Goethe-Institut's Transatlantic Theater Project Will Explore Privacy in a Digital Age

The Goethe-Institut has announced The Plurality of Privacy Project in Five-Minute Plays (P3M5), a transatlantic theater project initiated to explore the value of privacy.

In cooperation with the Goethe-Institut Washington, theaters across the United States and Europe have commissioned playwrights to write five minute plays themed around the question, "What does privacy mean to you in the digital age?"

Between January 2017 and June 2018, these plays will receive public performances, staged readings and community forums at many of the theaters which helped commission them, and with additional American partner theaters.

The impulse for P3M5 began with the transatlantic discord over privacy and data protection. The tensions surrounding the so-called NSA Scandal in Europe, and the amazement in the US about the European Union's Court of Justice confirmation of the Right to be Forgotten, a watershed moment in privacy protection, have revealed that: "There is no privacy - there are only privacies." Thus, P3M5 examines the plurality of privacy, through engaging with theater artists and their communities around the world.

In a speech given at the 2016 Theatre Communications Group Conference in Washington, D.C., Wilfried Eckstein, the director of the Goethe-Institut Washington, stated, "The human interest in autonomy and security is modulated by the culture that shapes each of us as individuals in a distinct society. Art is the medium in which cultural identity is expressed best. Theater creates a space in which existential questions can be asked, where we can challenge whether something makes sense and modify societal relationships. That's why we're attempting our approach on the stage. It's there that we can develop diverse ideas and challenge a calm, reflective audience. It's on the stage that our authors' varying views find space for elaboration and exchange."

Commissioned playwrights for P3M5 include Clemens J. Setz (Schauspielhaus Graz, Austria), Rachida Lamrabet (KVS, Belgium-Flanders), Alex Lorette (Théâtre de Liège, Belgium-Wallonia), Felicia Zeller (Saarländisches Staatstheater, Germany), Mihaela Michailov (National Theatre "Marin Sorescu," Romania), Simona Hamer (National Theatre Nova Gorica, Slovenia), Paco Bezerra (Spain Arts and Culture), Marioan Hosseini (Unga Klara, Sweden), David Greig (Birmingham Repertory Theatre, United Kingdom), Sarah Gubbins (ALLIANCE THEATRE, Atlanta, GA), Kenneth Lin (Center Stage, Baltimore, MD), Philip Kan Gotanda (American Conservatory Theater, San Francisco, CA), Rebecca Gilman (Seattle Repertory Theater, Seattle, WA) and Martha Redbone and Aaron Whitby (New York Theatre Workshop, New York, NY).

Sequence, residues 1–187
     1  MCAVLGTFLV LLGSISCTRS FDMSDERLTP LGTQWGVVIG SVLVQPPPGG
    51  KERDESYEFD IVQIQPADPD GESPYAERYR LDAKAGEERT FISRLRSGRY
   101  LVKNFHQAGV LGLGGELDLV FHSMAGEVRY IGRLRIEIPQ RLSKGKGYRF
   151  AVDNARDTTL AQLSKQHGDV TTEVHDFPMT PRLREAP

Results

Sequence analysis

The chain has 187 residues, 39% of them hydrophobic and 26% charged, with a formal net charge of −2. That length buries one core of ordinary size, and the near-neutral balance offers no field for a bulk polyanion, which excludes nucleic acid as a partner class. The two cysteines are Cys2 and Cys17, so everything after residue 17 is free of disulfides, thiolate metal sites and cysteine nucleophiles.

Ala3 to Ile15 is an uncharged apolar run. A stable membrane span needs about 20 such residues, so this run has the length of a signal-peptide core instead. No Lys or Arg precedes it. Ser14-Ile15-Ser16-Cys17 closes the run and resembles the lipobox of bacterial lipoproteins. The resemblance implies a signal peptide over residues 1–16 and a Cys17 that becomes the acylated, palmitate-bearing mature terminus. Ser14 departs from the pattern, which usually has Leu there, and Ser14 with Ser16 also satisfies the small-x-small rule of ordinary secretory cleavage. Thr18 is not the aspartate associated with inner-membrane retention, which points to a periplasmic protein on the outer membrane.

P3M5 tests the assumption that privacy is a value shared among many western countries. This supposed shared ideal becomes divisive between cultures that seem to share many common values. P3M5 examines the idea of privacy through the cultural landscape of different countries, exploring the history, politics, economy and art of each country that shapes how privacy is perceived. On both sides of the Atlantic, the project addresses a politically and culturally engaged public. P3M5 aims to illuminate and improve the transatlantic dialogue.

Additional American partners for P3M5, who will engage with the commissioned plays through performances, staged readings, and other events, include Silk Road Rising (Chicago, IL), Syracuse Stage (New York), B Street Theatre (Sacramento, CA), People's Light (Malvern, PA), The VORTEX (Austin, TX), City Lights Theater Company (San Jose, CA), The Clarice Smith Center for the Performing Arts (University of Maryland), University of Virginia, College of William and Mary (Virginia), Middlebury College (Vermont), Cincinnati Conservatory of Music (Ohio), the University of South Carolina, California Institute of the Arts, and the University of Southern California.

The concept for P3M5 was originally developed by Russell Miller, Professor of Law at Washington and Lee University (Lexington, VA), Gillian Drake, Theater Curator for the Goethe-Institut Washington and the Zeitgeist Project, John Feffer, Director of Foreign Policy In Focus at the Institute for Policy Studies (Washington, D.C.), and Wilfried Eckstein, Director, Goethe-Institut Washington. The theatrical curators of the project on the American side include James C. Nicola (New York Theatre Workshop), Kwame Kwei-Armah (Center Stage, Baltimore), and Gillian Drake.

P3M5 is supported by the Transatlantic Program of the Federal Republic of Germany and with funds from the European Recovery Program (ERP) of the Federal Ministry of Economics and Technology.

P3M5 is produced in association with the embassies of Belgium, the Czech Republic, Slovenia and Sweden, the Austrian Cultural Forum, the British Council, Flanders House, SPAIN arts & culture and Wallonie-Bruxelles International.

The Goethe-Institut Washington organizes and supports cultural events that present German culture abroad and that further the transatlantic dialogue regarding today's challenging questions. Its worldwide focuses are on topics such as the role of arts in urban development and the question of how we forge our future within the context of major transformations such as the crisis of democracy, climate change and the digitalization of our everyday life. Of special interest are aesthetic formats such as film and exhibition projects, panel series and theater performances.